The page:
The authors conclude by noting that many clinical trials are upcoming all over the world, and that ““…our experience with BT highlights the promise of BT for multiple clinical indications.” I have long told you that my psychic powers are telling me that phage therapy will someday soon become the new-old thing. Stay tuned on this one: I think we’ll see many more clinical trials in the near future.
[ii] Aslam S, Lampley E, Wooten D, Karris M, Benson C, Strathdee S, Schooley RT. Lessons Learned From the First 10 Consecutive Cases of Intravenous Bacteriophage Therapy to Treat Multidrug-Resistant Bacterial Infections at a Single Center in the United States. Open Forum Infect Dis. 2020 Aug 27;7(9):ofaa389. doi: 10.1093/ofid/ofaa389. PMID: 33005701; PMCID: PMC7519779.
I have talked about impaired tight junctions in the intestinal epithelial lining (i.e. leaky gut) many times on this blog. (Look here and here, for just two examples.) We know this is a factor in diseases ranging from Parkinson’s to autism to Celiac disease to inflammatory bowel diseases, and many more. Leaky gut is both the cause and the result of intestinal inflammation. Protein complexes (i.e. tight junctions (TJ)) are supposed to bind adjacent cells together to prevent toxins, microorganisms, undigested food, and so forth from getting out of the intestine into the blood stream. When inflammation is present, these tight junctions open, compromising the health of the organism and leading to further inflammation.
Currently there is no accepted treatment for leaky gut, but research has begun to focus on finding probiotic species that can reduce intestinal wall inflammation, and tighten those junctions. A study has come out of Penn State College of medicine on this very topic: “The major aim of the present study was to identify probiotic bacteria able to produce a rapid and marked enhancement of intestinal TJ barrier function that can treat intestinal inflammation by targeting the TJ barrier.”[i] These researchers screened more than 20 different bacterial species to find one that could tighten up junctions between epithelial cells, testing this in vitro. Their results: only 1 strain (LA1) of Lactobacillus acidophilus clearly did so. Says the lead researcher, “Our data indicate that LA1 is able to prevent colonic inflammation formation and promote colitis healing…”[ii]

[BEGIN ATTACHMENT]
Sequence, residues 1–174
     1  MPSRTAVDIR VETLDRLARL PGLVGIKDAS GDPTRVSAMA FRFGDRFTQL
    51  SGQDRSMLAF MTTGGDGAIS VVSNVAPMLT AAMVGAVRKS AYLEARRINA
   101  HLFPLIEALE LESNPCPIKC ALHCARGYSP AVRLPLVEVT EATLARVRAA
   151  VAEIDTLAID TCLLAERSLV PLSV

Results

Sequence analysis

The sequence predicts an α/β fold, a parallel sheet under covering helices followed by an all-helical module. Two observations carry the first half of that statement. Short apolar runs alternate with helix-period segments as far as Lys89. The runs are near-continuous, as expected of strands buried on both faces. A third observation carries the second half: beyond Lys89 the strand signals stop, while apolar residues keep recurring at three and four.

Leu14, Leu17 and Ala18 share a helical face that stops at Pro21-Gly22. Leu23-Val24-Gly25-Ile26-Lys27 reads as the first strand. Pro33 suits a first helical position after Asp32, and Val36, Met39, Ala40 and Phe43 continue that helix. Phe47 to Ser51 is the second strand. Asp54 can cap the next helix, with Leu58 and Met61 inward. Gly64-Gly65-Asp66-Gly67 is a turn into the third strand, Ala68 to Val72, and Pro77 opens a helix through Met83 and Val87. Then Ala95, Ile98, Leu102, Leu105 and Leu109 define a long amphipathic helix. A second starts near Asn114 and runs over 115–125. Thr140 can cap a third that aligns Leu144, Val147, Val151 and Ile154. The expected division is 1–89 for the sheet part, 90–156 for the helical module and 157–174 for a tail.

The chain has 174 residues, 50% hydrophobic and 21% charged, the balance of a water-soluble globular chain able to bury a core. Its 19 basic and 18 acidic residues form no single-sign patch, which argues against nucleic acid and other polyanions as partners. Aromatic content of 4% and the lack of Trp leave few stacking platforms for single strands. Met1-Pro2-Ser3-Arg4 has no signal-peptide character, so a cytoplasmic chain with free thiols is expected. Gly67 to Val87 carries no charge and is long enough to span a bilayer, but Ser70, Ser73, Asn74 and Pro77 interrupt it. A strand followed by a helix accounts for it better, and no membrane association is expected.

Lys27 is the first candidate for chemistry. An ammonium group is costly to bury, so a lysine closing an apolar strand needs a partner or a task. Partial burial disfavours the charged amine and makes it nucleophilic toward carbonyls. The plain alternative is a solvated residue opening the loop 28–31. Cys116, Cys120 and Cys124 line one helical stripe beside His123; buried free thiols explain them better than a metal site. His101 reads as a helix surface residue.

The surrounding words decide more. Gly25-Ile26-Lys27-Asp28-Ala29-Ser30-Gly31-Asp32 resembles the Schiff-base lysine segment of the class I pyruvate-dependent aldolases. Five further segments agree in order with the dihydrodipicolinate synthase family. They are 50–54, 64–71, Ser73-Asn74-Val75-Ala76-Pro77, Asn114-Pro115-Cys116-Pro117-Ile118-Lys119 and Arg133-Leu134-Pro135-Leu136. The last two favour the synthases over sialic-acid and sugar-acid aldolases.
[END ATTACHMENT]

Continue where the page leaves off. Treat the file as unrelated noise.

The bacteria appear to work by activating a protein in the cellular membrane called toll-like receptors, which are a part of the immune system. This activation caused the cells to tighten their junctions. Unlike the research out of Wake Forest University which I talked about in this post, this activation required live bacterial/epithelial cell interaction: i.e. heat-killed bacteria, for example, had no effect. The researchers then tested this strain in mice, and it rapidly improved epithelial barrier integrity and protected the mice against chemically-induced colitis. The strain also promoted healing in mice with colitis: “…our studies indicate that LA1 causes a strain-specific, rapid enhancement of intestinal epithelial TJ barrier function. The LA1 enhancement and maintenance of the intestinal epithelial barrier were required for the prevention of DSS-induced colitis and for accelerated healing of the colitis.” The researchers hope to conduct human trials in the near future.
I can’t figure out if this particular strain, LA1, is available commercially. In looking for it though, I stumbled across an article from 1997 which tested this particular Lactobacillus strain, in vitro, in fighting against a variety of pathogens, including Staph, Klebsiella, Listeria, etc.: “We present evidence that the spent culture supernatant of strain LA1 (LA1-SCS) contained antibacterial components.”[iii] I’d love to figure out if it’s in any currently available probiotics! If anyone does find it commercially available, let the rest of us know!